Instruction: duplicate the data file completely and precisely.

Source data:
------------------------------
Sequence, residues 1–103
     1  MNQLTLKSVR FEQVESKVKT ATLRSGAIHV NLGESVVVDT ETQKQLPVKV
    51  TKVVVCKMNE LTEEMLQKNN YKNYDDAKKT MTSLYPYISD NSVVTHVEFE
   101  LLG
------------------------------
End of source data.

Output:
Sequence, residues 1–103
     1  MNQLTLKSVR FEQVESKVKT ATLRSGAIHV NLGESVVVDT ETQKQLPVKV
    51  TKVVVCKMNE LTEEMLQKNN YKNYDDAKKT MTSLYPYISD NSVVTHVEFE
   101  LLG